Dishonored 2 is a Good Game everyone should play [GG #2]

The GG series, published weekly, highlights Good Games everyone should play at least once, with links out to fantastic writing. GG #1, on Hades (2020 — PC, Switch), is here.

I panicked last month when I saw that Dishonored 2 (2016, PC, Xbox One, PS4) was leaving the Xbox Games Pass, halfway into my first-ever play-through of it. But then Microsoft, which makes the Xbox, bought Arkane Studios, which makes Dishonored. That apparently means Dishonored 2 will stay on the Games Pass for a while longer, perhaps even forever, and that’s a wonderful thing, because it’s possibly the best assassin game ever made.

What is it?

A supernatural assassin game with massive, intricate maps. As either Empress Emily Kaldwin or her father Corvo Attano — they both have different magical powers — you’re dropped into a level and given objectives, which usually involve killing specific targets. How you make it happen, and how you take out the dozens of enemies guarding your objective, is up to you: You can go in all stealthy, back-stabbing and retreating to the shadows, you can rush your targets blasting shotguns and throwing sticky grenades, or you can call in a plague of rats to devour your foes.

What makes it so good?

First, the freedom of the levels. They’re full of secret passages and rooftop routes to new areas, and the abandoned rooms, houses, and vaults hide upgrades for your powers. Sneaking past enemies, or murdering your way through them, to reach these power-ups is a compelling puzzle in itself, and upgrading changes your abilities in meaningful ways, making you feel like you’re constantly becoming a better assassin.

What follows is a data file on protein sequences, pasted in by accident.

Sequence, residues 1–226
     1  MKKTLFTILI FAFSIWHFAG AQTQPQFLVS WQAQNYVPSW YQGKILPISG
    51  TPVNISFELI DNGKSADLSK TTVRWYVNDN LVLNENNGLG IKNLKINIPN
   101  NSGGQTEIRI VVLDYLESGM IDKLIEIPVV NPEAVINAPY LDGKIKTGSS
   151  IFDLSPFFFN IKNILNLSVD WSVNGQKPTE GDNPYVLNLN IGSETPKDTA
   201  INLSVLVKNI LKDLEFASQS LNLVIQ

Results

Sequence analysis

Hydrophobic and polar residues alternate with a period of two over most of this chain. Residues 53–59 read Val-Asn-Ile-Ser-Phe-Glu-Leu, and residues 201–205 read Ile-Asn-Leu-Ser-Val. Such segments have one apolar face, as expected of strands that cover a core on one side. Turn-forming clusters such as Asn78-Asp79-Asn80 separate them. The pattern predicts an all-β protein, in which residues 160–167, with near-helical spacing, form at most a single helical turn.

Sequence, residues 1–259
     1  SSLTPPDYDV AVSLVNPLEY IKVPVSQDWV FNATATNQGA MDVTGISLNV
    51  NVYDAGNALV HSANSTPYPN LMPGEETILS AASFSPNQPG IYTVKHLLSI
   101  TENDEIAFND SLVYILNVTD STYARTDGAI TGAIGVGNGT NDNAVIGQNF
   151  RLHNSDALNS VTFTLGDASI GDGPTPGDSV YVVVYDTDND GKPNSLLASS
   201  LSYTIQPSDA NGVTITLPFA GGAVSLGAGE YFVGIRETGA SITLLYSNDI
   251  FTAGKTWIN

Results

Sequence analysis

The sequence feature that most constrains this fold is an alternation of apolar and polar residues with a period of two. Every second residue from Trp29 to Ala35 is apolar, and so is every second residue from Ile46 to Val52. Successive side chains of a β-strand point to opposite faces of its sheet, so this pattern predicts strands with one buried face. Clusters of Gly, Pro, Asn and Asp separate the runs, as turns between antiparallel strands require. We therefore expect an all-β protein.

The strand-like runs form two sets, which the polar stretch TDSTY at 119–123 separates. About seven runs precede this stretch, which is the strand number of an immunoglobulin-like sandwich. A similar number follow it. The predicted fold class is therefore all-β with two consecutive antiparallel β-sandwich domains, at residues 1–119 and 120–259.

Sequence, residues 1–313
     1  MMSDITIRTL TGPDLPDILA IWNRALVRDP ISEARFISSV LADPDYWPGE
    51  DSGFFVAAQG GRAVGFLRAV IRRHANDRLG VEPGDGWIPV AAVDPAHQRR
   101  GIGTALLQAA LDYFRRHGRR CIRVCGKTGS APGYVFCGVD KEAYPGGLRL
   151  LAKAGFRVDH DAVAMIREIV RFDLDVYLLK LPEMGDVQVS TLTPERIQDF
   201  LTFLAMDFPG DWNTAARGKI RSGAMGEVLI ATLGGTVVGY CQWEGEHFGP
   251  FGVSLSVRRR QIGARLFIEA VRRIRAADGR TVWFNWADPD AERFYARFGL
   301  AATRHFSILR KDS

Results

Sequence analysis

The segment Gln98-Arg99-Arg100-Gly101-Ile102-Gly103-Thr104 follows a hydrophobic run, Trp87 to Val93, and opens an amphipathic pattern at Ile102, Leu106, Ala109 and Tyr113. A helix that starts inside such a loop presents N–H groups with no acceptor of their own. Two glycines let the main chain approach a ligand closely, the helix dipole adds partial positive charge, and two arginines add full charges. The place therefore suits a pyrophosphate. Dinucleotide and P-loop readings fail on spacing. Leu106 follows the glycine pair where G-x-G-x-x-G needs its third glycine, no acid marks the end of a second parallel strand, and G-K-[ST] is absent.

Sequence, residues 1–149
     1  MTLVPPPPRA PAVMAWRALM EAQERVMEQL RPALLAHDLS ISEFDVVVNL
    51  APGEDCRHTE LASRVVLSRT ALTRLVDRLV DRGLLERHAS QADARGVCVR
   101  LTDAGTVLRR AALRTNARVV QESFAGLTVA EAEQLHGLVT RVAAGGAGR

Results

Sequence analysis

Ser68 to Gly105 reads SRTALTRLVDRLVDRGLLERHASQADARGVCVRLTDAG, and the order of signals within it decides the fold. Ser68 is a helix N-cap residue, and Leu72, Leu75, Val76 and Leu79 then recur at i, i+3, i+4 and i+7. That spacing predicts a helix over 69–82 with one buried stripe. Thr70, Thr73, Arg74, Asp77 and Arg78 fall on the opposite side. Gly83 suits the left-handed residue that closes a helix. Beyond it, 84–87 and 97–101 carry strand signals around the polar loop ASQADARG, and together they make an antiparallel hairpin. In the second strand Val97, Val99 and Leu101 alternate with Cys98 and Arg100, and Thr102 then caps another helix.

Second, the flexibility of your powers. The staple is a teleportation-style ‘blink’ that lets you cross gaps and reach new heights, but at the more complex end, Corvo can bend time, and Emily can link enemies, chaining their fates together, so that if she kills one, they all die. With a full arsenal of upgraded powers, a room of enemies becomes your twisted playground: Get an enemy to shoot you, pause time, possess a different enemy, and walk them in front of the bullet, before un-pausing time to watch the friendly fire unfold.

And third, while I haven’t been blown away by the story, the world is genuinely interesting to learn about. Little details in the environment — the graffiti scribbled on walls, the whales being harvested for their oil in the docks, the letters to loved ones left on decaying dressers — make it believable, and it means you want to press on and find out more.

Where can I buy it?

If you want to play it on PC or Xbox One, my advice is just to subscribe to the Xbox Games Pass collection of 200+ games, which, depending on what version you get, is around £10 / $15 a month — but you can get your first month for £1 / $1 here. If you want to actually, you know, own it for good, it’s less than £10 / $10 for the Xbox One version on Amazon, or £10 / $14 at Green Man Gaming for PC.

(If you don’t know much about the Game Pass, read my colleague Ben Gilbert’s piece here on why it’s the best option for streaming games).

On PS4, you can get it for around £14 / $16 on Amazon, or a little more on the PlayStation Store.

Extra life… (bonus questions and links to brilliant writing)

Best power in the game?

Emily’s Domino, the one that links enemies together. It creates funny, creative moments, like this.

Best level?

I’ll be boring and say the one everyone always says: Clockwork Mansion, a big house in which rooms transform when you pull levers. I don’t want to ruin it by saying more, but check out the ‘Y’ article below if you don’t mind spoilers.

Links to great writing about Dishonored 2:

A: Eurogamer’s review by Edwin Evans-Thirlwell (@dirigiblebill), which called Dishonored a “masterpiece of open-ended design”.

B: Polygon’s slightly more critical review (still 8.5/10, mind) by Arthur Gies (@aegies).

X: Kirk McKeand (@MckKirk) for Eurogamer on how Dishonored 2 hides its best details in the periphery.

Y: Heather Alexandra (@transgamerthink) dug deeper into the joys of Clockwork Mansion for Kotaku.